You need to know what’s going on in your business to get the most out of it.
That means data. All the measurable data flowing through your business are known as “metrics”, and being able to track these is vital to ensuring your key performance indicators (KPIs) are meeting their goals.
A business metrics dashboard can give you up-to-the-minute updates on the status of your critical company data.
But in a sea of options to weigh, how do you make sure that you’re focusing on the right features for your dashboard?
This blog post will show you.
Only you know the best data to track in your business. However, there are common ones that are tracked across nearly every business:
Whatever metrics you decide to track, once you have your roadmap it’s time to make sure your dashboard has these 5 things:
1) The Data
Now that you know what you want to track, you need access to the data. This is one area that is potentially most out of your control depending on if you have boxed vs. off-the-shelf software. If you have custom business software, then this should be much easier.
If you have boxed software, it will hopefully have a way to access that data. The best method is done via an API that’s documented with the software. This way your dashboard can ask the software (say, an accounting program) for certain data, and the program will always respond with the needed information.
An alternative to an API is getting the data directly from the database, but this can involve writing what’s known as a database query, which can get very cumbersome.
Are you looking to take your dashboard mobile? Read this post about the biggest enterprise mobility mistakes to avoid.
Here’s a big mistake many make: Too much information at all times.
The person making the decisions tends to think that piling as much data on the screen as possible makes a person more informed. What they overlook is that information requires context to be fully understood.
For example, you can break down your business metrics into 4 main classifications, and start from there:
- This is data related to the overall strategy behind your company’s initiatives. Things like market data, industry analysis – the “big picture”.
- This is business analytics, like how many people read your content, visited your website, shared your information, etc.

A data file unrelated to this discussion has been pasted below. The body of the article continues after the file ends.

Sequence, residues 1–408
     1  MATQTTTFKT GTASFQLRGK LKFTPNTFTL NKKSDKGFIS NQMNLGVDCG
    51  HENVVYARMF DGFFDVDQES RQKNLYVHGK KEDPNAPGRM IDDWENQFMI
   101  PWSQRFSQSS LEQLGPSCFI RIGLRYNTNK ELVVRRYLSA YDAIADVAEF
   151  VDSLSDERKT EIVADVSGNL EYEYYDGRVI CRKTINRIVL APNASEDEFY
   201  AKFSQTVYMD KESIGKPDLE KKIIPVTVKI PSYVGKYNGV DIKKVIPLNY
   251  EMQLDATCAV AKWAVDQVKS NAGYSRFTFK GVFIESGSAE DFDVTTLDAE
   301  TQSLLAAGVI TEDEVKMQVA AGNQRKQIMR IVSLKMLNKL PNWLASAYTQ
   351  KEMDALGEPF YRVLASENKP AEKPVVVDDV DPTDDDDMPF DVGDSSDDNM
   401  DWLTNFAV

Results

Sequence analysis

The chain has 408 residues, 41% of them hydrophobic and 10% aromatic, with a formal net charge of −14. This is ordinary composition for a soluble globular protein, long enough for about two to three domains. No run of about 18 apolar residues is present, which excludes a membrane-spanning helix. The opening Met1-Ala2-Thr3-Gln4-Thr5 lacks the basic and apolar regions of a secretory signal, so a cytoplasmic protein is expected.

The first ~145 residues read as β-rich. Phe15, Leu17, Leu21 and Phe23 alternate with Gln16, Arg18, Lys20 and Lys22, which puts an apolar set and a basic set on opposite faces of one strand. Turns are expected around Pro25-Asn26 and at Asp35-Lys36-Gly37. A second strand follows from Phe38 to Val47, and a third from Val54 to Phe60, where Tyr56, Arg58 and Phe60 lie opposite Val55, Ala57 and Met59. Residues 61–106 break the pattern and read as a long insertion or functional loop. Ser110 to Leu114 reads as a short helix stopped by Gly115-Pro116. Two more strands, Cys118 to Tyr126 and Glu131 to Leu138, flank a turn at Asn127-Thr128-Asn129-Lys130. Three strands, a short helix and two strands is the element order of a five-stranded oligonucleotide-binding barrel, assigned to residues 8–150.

- This is internal data: project completion time, hourly expenditures, inventory tracking, etc.
- Metrics that seek to inform the user of potential problem areas that they need to take immediate action on. Is this lead taking a long time to close? Is a task behind schedule? Think of it as the flare gun of your business.
3) The “Iceberg Principle”
Above all, you do not want to drown someone in data.
It’s tempting to have a sea of charts, graphs, lines, numbers, trends, etc. But if it takes someone minutes to figure out what they’re looking at, how much can they really learn and take action on?
A better route is what we like to call at Stickboy the “Iceberg Principle”.
The concept is pretty simple: the tip of the iceberg is what shows above the water, while the largest mass of it is submerged.
The idea is that in a metric that you’re displaying, you only show the “tip” of the data so a person has an immediate understanding. Then you make the full range of that data available with a minimal number of clicks.
An example would be a sales funnel. You could have just a simple graphic showing the number of leads in each step of your sales funnel, with an easy-to-understand marker if this is above or below the norm. Then, if a person wants to find out more information (say, the middle of the funnel has many more leads than are normal), they can click and get the full list of data they would need to understand why something is showing up that way.
By doing this, they’re not bogged down in too much information, and can instead “skim” to the most important places.
Rarely do metrics concern only one area of the business. More often, your metrics need to be known by other departments so they have an idea of how it affects what they do.
Bottom line? It’s critical that people can easily share these metrics within your business.
For example, your sales department needs to know the Marketing department’s performance so they can identify what leads are coming in. Fulfillment needs to know how Sales is performing so they can adjust their workload accordingly. Q/A needs to be aware of any issues fulfillment may have so it doesn’t reach the customer, etc.
You can’t keep your metrics in a silo, much of your data needs to be shared and used in different departments in order to be most effective.
Here’s the thing: the real secret to good design is not what you add, but what you remove.
If you have your business dashboard in front of you, start removing features, colors, and font sizes. Analyze each feature that it has and think “is this really needed?”. Oftentimes feature bloat gets in the way of good design. Think only of the essentials.
Now that you have a nice, clean experience, here are some tips to help the final look:
- Stick to only a few colors, and have them all mean the same thing, if possible (green = good, red = bad)
- Go with a single graphic/chart for each metric
- Categorize and organize based on department or classification
- If there’s an element that’s repeated throughout the page and it does basically the same thing (“more” buttons, for example), make them smaller and lighter so they don’t overwhelm
A well-designed company dashboard “leads the eye” and allows a person to quickly and easily diagnose what they need to see.
A business metrics dashboard can give your team all of the right information to make the critical business decisions to stay ahead of the competition. It can be the foundation for the next stage of your business, unlocking access to your company’s data and empowering amazing growth.